Linear Methods of Applied Mathematics
Evans M. Harrell II and James V. Herod*
In this chapter we shall learn how to solve integral equations in three situations:
First we suppose that there are an integer n and functions
such that, for each p , a_{p} and b_{p} are in L^{2}[0,1]. Then K has a separable kernel if its kernel is given by
With the supposition the K is separable, it is not hard to find y such that y = Ky + f, for this equation can be re-written as
or, using the notation of inner products,
One can guess that, if the sequence
of functions on [0,1] is a linearly independent sequence, then y will have this special form:
there is a sequence {cp} of numbers such that
In fact, supposing there is such a sequence, we determine what it should be.
Suppose
Substitute this in the equation to be solved:
and we see that
This now reduces to a matrx problem:
Define K and f to be the matrix and vector so defined that the last equation is rewritten as
c = K c + f.
We now employ ideas from linear algebra. The equation c = K c + f has exactly one solution provided
det( 1 - K ) != 0.
The Fredholm Alternative Theorems for matrices address these ideas. (Review the alternative theorems for matrices.) If the sequence
is found then we have a formula for y(x).
EXAMPLE: In Exercises 1.2, it should have been established that if
K(x,t) = 1 + sin([[pi]]x) cos([[pi]]t),
then
K*(x,t) = 1 + sin([[pi]]t) cos([[pi]]x).
Also,
y = Ky has solution y(x) = 1
and
y = K*y has solution y(x) = [[pi]] + 2 cos([[pi]]x).
It is the promise of the Fredholm Alternative theorems that
y = Ky + f
has a solution provided that
Let us try to solve y = Ky + f and watch to see where the requirement that f should be perpendicular to the function [[pi]] +2 cos([[pi]]t) appears.
To solve y = Ky + f is to solve
We guess that the solution is of the form y(x) = a + b sin([[pi]]x) + f(x) and substitute this for y:
From this, we get the algebraic equations
Hence, in our guess for y, we find that a can be anything and that b must be
and also must be
The naive pupil might think this means there are two (possibily contradictory) requirements on b. The third of the Fredholm Alternative theorems assures the student that there is only one requirement!
Take [[phi]]_{0}(x) to be f(x) and [[phi]]_{1} to be defined by
It is reasonable to ask: does this generated sequence converge to a limit and in what sense does it converge? The answer to both questions can be found under appropriate hypothesis on K.
THEOREM If K satisfies the condition that
then limp [[phi]]_{p}(x) exists and the convergence is uniform on [0,1] - in the sense that if u = lim_{p}[[phi]]_{p} then
lim_{p} max_{x} | u(x) - [[phi]]_{p}(x) | = 0.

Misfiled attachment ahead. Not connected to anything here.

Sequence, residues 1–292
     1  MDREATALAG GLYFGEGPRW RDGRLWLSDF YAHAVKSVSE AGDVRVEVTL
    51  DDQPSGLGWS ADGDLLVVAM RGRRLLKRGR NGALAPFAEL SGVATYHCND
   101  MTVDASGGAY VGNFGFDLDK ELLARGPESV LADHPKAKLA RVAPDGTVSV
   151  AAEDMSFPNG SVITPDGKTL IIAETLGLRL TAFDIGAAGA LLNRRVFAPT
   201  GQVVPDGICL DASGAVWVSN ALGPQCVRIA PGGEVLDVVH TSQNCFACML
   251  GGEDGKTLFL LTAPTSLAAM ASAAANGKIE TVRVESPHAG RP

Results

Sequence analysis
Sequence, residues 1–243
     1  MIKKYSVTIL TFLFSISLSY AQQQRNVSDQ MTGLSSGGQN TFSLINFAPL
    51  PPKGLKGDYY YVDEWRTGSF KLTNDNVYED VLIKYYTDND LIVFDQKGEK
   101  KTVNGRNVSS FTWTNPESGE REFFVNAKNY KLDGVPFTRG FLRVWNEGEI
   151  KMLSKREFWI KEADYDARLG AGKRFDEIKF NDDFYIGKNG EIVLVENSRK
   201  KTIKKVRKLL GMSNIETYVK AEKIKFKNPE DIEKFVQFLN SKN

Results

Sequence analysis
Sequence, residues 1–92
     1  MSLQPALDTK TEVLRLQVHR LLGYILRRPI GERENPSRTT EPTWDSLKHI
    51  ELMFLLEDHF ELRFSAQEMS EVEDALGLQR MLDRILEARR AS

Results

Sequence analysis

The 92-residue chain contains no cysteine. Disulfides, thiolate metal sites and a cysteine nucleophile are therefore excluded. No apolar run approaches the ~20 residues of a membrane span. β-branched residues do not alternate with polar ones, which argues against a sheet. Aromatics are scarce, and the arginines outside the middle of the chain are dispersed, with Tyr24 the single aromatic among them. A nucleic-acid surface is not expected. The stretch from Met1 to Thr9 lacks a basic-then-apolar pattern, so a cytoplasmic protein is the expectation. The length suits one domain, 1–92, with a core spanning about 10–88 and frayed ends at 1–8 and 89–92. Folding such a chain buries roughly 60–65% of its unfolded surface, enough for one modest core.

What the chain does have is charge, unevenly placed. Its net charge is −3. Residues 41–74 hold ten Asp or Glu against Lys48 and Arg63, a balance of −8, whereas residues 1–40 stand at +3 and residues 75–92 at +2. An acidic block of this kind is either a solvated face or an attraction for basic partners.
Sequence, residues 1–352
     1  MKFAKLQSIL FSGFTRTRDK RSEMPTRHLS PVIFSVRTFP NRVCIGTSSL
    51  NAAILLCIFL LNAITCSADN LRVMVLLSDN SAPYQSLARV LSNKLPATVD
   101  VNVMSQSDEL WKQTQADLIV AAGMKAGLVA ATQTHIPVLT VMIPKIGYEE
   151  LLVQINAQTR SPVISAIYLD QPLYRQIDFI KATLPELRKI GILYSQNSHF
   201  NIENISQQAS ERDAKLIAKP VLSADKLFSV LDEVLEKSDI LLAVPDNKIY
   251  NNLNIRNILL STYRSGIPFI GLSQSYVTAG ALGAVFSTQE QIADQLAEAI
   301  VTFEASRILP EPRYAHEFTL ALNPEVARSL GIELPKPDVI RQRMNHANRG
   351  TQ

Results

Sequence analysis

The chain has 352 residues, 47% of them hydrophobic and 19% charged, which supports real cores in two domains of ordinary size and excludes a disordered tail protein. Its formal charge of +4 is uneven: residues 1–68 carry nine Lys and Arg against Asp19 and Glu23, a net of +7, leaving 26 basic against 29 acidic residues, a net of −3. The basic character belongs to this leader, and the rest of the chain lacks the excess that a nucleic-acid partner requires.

SUGGESTION FOR PROOF: Note that
Furthermore, if p is a positive integer, the distance between successive iterates can be computed:
Inductively, this does not exceed
Thus, if
and n > m then
Hence, the sequence {[[phi]]_{p}} of functions converges uniformly on [0,1] to a limit function and this limit provides a solution to the equation
COROLLARY. If
and
u = lim_{p} [[phi]]_{p}
then
THEOREM If K satisfies the condition that
then lim_{p} [[phi]]p(x) exists and the convergence is in norm- meaning that if u = lim_{p}[[phi]]p then
lim_{p} || u(x) - [[phi]]p(x) || = 0.
INDICATION OF PROOF. The analysis of the nature of the convergence will go like this:
|| [[phi]]1 - [[phi]]0 || ^{2}
is defined to be
As before,
and
u = lim_{p} [[phi]]p
then
||u - [[phi]]m || < F(r^{m+1},1 - r) ||f||.
Before addressing the final case - where
K does not have a separable kernel,
we generate "resolvents" for the integral equations.
Re-examining the iteration process:
[[phi]]_{0}(x) = f(x),
[[phi]]_{1}(x) = K[[phi]]_{0}(x) + f(x)
[[phi]]_{2}(x) = K(K([[phi]]_{0}))x + K(f)(x) + f(x)
One writes [[phi]]_{0}=f, [[phi]]_{1}=Kf+f, [[phi]]_{2} = K[Kf+f] + f = K^{2}f+Kf+f, .....
In fact, with
Hence, the kernel K_{2} associated with K^{2} is
Inductively,
and
We have, in this section, conditions which imply that
[[Sigma]]p=1 K^{p}f
converges and that its limit y satisfies y = Ky + f. Many authors call this series of operators the "resolvent" and denote
R = [[Sigma]]p=1 K^{p}.
Note that R is a function which operates on elements of L^{2}[0,1]. One writes that
y = Ky + f
has solution
y(x) = [( 1 + R ) f](x) = f(x) + I(0,1, ) R(x,t) f(t) dt.
Suggestive algebra can be made by identifying (1 + R ) as
(1 - K ) ^{-1} = 1 + K( 1 - K ) ^{-1}, so that R = K ( 1 - K ) ^{-1}.
Please refer to the accompanying Mathematica notebook for the solution by iteration of a typical integral equation, including error estimates.
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